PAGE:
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Prior to 1990 or so if you wished to locate good birding locations in Alabama it was necessary to connect with experienced birders who knew their way around. This was usually accomplished by joining the Alabama Ornithological Society or another Alabama birding club. Unfortunately there were not many active birding clubs in the state at that time. Things have changed!

In the early 1990's AOS published A Birder's Guide to Alabama. At about the same time work was begun on the Alabama Coastal Birding Trail. Additional bird finding guides have since been published and Birding Trails have been established throughout the state. There are active birding organizations in nearly all regions of Alabama and several Alabama bird finding websites have been published.

click here to visit our webpage containing links to the most active birding organizations in Alabama.

The links below list the primary websites devoted to Alabama bird finding. The websites listed will open in a new window when the link is clicked . Close the window if you wish to return to this page.


North Alabama Birding Trail

Alabama Coastal Birding Trail

Additional trails being developed....

  • West Alabama Birding Trail -- planning phase
    Encompassing nine counties located in northwest central part of the state, this region will offer birding opportunities in areas such as the Talladega National Forest, Lake Lurleen State Park, Sipsey River Swamp, and Moundville Archaeological Park.

  • Appalachian Highlands Birding Trail -- planning phase
    Logan Martin Lake and the Coosa River should provide great birding experiences along with Cheaha State Park, Oak Mountain State Park and many other sites scattered throughout this ten county region located in the northeast central section.

  • Piedmont Plateau Birding Trail -- planning phase
    Found in the eastern central section of Alabama, the Piedmont consists of low hills, ridges, and sandy valleys. There are eight counties which offer great wildlife experiences such as Cheaha State Park (Alabama's highest point), Lake Martin, Fort Toulouse National Historic Park, and many others worthy of a visit.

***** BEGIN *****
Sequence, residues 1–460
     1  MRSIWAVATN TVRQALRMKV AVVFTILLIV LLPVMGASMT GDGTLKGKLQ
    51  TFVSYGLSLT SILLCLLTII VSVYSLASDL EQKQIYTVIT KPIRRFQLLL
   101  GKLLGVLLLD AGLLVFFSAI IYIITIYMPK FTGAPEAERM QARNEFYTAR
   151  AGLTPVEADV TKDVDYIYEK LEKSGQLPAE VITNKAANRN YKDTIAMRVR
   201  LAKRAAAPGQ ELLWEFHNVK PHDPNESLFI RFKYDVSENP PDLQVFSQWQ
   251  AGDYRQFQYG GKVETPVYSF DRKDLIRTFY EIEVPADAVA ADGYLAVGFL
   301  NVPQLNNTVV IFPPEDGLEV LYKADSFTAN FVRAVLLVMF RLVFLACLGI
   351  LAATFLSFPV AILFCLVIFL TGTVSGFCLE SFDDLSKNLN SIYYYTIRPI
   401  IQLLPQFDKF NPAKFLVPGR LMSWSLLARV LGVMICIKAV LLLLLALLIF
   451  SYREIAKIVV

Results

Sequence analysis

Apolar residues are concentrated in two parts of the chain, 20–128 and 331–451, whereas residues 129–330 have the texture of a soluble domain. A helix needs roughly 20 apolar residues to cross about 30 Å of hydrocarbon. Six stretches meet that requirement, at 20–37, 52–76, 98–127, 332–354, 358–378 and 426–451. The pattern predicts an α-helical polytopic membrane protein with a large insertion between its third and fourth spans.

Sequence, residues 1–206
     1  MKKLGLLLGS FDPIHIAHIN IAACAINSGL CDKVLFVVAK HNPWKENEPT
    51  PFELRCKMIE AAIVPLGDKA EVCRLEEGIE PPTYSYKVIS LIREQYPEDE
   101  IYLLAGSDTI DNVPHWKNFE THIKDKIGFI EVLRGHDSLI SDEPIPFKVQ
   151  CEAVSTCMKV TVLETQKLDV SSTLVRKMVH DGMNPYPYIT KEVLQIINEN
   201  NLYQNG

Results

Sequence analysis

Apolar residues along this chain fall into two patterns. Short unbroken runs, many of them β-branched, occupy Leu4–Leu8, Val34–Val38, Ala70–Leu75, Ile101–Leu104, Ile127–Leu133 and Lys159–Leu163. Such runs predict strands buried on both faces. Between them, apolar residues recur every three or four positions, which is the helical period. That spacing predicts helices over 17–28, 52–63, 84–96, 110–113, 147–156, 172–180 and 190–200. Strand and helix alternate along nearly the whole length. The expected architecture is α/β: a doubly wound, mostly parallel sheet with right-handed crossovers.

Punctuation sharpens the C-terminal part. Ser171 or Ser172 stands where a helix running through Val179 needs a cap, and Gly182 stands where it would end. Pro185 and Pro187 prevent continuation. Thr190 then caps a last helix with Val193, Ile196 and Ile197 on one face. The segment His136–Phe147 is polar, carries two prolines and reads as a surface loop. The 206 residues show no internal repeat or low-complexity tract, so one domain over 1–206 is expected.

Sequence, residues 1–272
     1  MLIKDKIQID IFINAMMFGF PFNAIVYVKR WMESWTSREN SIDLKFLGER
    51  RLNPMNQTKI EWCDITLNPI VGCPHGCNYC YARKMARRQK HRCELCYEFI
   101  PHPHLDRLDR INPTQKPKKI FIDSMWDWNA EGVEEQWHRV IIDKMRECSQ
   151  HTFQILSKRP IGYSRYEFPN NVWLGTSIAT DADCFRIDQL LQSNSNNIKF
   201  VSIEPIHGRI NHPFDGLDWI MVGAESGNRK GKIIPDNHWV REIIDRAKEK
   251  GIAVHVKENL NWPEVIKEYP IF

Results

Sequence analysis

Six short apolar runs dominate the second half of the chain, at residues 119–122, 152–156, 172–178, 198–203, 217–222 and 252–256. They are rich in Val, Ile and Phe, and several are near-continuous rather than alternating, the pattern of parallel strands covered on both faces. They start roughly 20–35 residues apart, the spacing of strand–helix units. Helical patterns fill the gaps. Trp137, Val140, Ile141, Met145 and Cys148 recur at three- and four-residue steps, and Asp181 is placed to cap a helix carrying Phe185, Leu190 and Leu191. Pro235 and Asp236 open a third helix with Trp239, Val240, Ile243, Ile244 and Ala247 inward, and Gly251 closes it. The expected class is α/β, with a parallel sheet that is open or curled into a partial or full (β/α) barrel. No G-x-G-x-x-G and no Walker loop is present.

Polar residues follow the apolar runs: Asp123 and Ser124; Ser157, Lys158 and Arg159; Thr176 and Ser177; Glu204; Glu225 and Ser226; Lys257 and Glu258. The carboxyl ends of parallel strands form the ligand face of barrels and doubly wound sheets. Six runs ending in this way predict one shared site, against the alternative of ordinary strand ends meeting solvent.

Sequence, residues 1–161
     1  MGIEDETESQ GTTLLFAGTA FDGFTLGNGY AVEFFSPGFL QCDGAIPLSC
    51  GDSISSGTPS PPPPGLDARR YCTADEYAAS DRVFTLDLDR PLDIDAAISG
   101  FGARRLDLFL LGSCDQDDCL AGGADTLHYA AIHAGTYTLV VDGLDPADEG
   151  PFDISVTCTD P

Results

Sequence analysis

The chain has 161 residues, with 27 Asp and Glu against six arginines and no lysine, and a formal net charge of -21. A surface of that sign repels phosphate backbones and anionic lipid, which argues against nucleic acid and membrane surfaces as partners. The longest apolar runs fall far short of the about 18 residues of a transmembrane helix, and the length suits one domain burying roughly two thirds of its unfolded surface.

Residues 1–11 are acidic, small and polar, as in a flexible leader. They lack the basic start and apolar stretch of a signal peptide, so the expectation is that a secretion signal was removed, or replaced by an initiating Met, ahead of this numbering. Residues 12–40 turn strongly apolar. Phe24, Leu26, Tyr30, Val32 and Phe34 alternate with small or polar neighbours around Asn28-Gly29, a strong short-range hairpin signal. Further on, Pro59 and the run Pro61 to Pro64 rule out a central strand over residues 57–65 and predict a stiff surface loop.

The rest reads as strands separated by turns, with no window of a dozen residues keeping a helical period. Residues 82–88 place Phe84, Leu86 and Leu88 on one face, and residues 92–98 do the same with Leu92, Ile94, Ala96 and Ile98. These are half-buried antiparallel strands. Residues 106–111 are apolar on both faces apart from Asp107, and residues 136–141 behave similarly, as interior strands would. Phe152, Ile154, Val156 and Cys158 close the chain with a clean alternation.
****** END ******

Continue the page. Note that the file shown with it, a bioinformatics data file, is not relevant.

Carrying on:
• Pineywoods Birding Trail -- development phase
    Much of this region is considered a birding crossroads because it lies near the southern most breeding range for many species and the northern limits for coastal species. Located in southwest Alabama and covering five counties, look for diverse species whose natural habitat include longleaf pines, rivers, pitcher plant bogs, and farmland. Areas of significance include Conecuh National Forest, St. Stephens Historical Park, Little River State Forest and Claiborne Lake Dam.

  • Wiregrass Birding Trail -- planning phase
    So named because tough grass once grew among pine forest, this ten county region is nestled in the southeastern part of Alabama. Some of the best birding can be found in the Eufaula National Wildlife Refuge based on 281 documented species. Other areas of distinction are "Buzzard Roost", Troy University Nature Trail, Lake Point Lake, and the Chattahoochee River.

Additional Alabama Bird Finding Resources

A Birders Guide To Alabama        Delorme Alabama Atlas and Gazetteer 
At the bottom of this page is information on how to obtain these books.



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